By Mary Hoover and Ron Klauda
A major Calvert County stream flows under Rts. 2/4 just north of the Plum Pt. Rd. intersection and then meanders west for about 6 miles to the Patuxent River. Hundreds of motorists cross this stream everyday. Most may not even notice it. If they do, how many know its name?
The name of the stream is Hunting Creek. Until recently, this important Calvert stream went largely overlooked, as it lacked signage to denote its existence. This all changed in October 2022 when two Hunting Creek signs were installed by the Maryland State Highway Administration in response to a request from the watershed advocacy group known as the Friends of Hunting Creek (FOHC).
This signage, although a seemingly minor achievement, is no small accomplishment for the FOHC, who had been waiting for over nine months to see their beloved creek acknowledged. The request was submitted in early January 2022, with the hopes that highway signs would help raise awareness–if even subconsciously–for the ecological environs of our everyday commutes.
Despite Calvert County’s abundant wildlife and unique ecological diversity, it is surprisingly easy to live on the peninsula and remain largely detached from its astounding nature. With the county’s main road running through its center, many commuters drive back and forth each day without appreciating the intricate network of forests and streams interlaced among the plentiful strip malls and subdivisions. Just as highway signage denotes which town center you are entering or which neighborhood you are passing, should there not also be signs indicating the county’s significant environmental features? The FOHC believes that our natural environment deserves the same recognition as our built environment, and the installation of Hunting Creek signposts is just one of the many efforts the group has made to advocate on behalf of the watershed.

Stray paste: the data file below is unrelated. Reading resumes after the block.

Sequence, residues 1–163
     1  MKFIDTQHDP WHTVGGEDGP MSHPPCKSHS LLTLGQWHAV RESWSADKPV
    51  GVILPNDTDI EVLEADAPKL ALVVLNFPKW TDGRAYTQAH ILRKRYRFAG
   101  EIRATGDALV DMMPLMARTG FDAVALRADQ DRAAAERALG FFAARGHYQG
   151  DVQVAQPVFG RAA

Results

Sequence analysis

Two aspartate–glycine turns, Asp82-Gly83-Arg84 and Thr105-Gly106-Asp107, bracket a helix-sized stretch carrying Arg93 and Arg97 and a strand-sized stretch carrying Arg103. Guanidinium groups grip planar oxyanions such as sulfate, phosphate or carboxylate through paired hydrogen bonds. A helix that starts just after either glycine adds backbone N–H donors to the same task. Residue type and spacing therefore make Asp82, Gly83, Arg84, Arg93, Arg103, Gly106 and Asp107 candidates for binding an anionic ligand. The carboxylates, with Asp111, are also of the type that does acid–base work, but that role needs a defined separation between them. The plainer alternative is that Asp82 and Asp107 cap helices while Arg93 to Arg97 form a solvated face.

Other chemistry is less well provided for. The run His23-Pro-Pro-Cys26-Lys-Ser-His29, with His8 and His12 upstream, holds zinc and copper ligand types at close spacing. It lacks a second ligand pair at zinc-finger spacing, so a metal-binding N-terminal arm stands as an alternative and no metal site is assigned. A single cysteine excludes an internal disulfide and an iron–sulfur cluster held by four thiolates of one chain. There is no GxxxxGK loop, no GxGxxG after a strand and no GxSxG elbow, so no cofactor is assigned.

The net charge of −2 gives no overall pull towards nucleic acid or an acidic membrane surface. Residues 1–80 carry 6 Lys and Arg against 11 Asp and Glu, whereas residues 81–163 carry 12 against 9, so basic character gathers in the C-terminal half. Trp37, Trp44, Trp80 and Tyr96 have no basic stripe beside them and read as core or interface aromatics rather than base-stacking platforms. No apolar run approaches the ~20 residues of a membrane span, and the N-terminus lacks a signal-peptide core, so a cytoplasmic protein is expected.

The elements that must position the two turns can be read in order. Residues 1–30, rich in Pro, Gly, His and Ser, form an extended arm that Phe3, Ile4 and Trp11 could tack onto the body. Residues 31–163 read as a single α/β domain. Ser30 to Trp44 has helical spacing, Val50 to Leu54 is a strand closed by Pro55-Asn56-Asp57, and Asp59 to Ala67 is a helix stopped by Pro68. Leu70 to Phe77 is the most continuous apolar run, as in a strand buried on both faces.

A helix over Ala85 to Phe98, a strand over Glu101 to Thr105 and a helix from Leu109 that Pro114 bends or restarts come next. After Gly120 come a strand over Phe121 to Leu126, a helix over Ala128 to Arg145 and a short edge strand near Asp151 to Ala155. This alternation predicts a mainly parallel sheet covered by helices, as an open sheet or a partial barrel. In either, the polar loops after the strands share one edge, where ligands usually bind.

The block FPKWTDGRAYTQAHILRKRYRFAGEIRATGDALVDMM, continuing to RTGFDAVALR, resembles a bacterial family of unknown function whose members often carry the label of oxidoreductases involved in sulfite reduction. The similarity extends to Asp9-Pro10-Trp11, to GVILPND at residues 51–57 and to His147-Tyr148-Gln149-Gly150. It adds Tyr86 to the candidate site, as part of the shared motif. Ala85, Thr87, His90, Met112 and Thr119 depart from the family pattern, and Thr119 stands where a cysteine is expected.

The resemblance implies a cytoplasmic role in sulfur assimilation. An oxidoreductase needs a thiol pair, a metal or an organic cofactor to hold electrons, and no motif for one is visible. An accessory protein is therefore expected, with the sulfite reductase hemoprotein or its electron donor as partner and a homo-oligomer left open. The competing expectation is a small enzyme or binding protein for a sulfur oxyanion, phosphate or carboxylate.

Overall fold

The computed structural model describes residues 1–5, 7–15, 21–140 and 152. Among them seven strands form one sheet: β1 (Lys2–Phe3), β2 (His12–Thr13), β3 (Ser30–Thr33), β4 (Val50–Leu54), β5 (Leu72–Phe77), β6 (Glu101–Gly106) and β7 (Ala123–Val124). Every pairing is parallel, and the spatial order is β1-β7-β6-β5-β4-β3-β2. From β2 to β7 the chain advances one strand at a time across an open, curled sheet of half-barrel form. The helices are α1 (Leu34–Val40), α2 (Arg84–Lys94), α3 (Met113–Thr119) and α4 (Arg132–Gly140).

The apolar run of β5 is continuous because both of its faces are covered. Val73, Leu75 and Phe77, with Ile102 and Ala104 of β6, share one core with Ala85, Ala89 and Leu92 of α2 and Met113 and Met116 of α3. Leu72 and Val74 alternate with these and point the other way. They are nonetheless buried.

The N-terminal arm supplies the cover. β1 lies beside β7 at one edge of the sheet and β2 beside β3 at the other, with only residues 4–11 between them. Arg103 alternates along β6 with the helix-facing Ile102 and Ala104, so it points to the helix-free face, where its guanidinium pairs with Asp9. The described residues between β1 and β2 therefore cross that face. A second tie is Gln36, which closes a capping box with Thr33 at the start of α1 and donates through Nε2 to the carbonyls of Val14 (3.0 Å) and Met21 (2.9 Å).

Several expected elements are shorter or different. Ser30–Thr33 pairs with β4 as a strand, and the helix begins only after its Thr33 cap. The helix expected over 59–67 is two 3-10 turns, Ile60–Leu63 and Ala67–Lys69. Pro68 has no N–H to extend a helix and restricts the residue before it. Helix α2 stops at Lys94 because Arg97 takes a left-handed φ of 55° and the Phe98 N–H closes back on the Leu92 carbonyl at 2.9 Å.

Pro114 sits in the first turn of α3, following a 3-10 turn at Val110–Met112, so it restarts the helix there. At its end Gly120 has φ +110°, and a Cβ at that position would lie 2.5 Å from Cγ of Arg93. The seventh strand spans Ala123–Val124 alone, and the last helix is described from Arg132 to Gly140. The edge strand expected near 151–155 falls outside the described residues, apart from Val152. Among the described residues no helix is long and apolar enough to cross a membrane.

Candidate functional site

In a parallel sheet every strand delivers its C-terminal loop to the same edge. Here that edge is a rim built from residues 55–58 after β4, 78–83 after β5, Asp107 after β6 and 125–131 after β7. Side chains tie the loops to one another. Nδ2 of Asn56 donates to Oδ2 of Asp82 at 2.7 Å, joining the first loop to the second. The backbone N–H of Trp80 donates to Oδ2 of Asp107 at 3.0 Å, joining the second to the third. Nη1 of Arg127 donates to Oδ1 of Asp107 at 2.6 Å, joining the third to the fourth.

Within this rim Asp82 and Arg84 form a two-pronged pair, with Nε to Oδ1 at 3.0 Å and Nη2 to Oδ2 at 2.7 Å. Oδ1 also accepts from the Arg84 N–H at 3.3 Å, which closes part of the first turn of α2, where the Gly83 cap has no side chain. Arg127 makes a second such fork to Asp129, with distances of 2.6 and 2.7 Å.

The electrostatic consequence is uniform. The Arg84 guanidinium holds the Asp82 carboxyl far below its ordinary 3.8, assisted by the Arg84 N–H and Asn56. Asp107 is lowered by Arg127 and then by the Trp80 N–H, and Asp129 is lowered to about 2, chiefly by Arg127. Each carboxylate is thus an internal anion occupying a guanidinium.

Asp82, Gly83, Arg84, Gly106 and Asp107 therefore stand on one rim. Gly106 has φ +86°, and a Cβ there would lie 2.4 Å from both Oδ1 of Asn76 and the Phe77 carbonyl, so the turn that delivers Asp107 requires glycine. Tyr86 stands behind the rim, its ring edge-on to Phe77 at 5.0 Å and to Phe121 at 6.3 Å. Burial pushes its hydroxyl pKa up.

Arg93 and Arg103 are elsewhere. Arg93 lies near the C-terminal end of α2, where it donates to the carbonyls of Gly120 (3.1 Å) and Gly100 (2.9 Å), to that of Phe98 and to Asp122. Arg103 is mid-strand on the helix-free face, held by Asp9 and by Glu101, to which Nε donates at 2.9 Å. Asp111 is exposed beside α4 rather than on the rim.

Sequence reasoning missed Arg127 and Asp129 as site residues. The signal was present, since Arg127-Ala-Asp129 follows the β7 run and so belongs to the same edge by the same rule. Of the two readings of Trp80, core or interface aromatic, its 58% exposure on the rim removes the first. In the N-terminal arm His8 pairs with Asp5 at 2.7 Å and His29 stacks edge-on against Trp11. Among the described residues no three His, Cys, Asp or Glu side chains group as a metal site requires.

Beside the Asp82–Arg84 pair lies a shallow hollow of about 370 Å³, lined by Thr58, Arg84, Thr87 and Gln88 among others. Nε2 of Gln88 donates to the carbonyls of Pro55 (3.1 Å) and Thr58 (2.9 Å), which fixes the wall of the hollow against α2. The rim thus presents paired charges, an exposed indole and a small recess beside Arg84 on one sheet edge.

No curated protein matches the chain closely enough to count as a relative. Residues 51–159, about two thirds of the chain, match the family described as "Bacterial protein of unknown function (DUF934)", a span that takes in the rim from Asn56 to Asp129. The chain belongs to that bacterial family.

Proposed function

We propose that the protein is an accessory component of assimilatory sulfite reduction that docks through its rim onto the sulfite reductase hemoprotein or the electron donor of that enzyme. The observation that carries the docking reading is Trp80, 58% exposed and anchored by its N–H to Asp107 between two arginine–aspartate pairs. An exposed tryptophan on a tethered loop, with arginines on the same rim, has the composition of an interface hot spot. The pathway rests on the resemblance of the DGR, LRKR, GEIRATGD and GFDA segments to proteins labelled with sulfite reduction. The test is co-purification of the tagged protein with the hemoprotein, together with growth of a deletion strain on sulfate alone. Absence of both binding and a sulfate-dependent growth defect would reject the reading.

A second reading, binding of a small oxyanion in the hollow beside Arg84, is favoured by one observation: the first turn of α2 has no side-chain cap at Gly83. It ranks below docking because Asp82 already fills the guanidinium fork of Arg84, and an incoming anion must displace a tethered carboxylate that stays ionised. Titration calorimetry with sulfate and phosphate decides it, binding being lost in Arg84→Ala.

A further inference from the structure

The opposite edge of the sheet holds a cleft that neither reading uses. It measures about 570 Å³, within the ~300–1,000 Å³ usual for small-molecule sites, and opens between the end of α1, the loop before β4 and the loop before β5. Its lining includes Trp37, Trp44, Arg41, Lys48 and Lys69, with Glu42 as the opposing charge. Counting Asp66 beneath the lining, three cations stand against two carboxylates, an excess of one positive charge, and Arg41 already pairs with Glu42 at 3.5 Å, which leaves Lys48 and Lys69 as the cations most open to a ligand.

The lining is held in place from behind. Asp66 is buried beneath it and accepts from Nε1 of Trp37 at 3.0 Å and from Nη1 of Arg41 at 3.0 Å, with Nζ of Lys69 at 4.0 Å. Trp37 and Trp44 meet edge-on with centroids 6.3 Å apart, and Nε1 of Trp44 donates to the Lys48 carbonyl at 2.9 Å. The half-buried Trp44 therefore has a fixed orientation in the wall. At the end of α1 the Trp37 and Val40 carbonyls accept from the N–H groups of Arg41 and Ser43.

Since its formation in early 2020, the FOHC has been active in the community, pursuing a range of stewardship tactics to promote the health of the watershed. Notably, the group has taken the initiative in monitoring stormwater management infrastructure in the area and reporting observed failings to the county. The FOHC has also been monitoring water quality in the watershed for the past couple of years and writing extensive reports on their findings. Furthermore, FOHC has testified at many planning commission meetings regarding the Prince Frederick Town Center Master Plan Update, and their strong testimonies on the environmental implications of the Phase II expansion may have contributed to its eradication from the plan.
Awareness is a necessary stepping stone for environmental change. By bringing environmental awareness to the county, the planning commission, Hunting Creek residents, and now anyone who notices the new sign on route 2/4, the FOHC is helping to affect positive environmental change in Calvert. So, next time you find yourself passing this little green sign, remind yourself of the stream it signifies, and know that this stream is not only highly important to the FOHC who steward it, but also to all Calvert residents. Because even the most seemingly minor natural features of our landscape play a critical role in the larger, shared ecosystem that ultimately sustains us.
Interested in joining the FOHC or learning more about watershed stewardship in Calvert County? Contact email@example.com to be added to the list!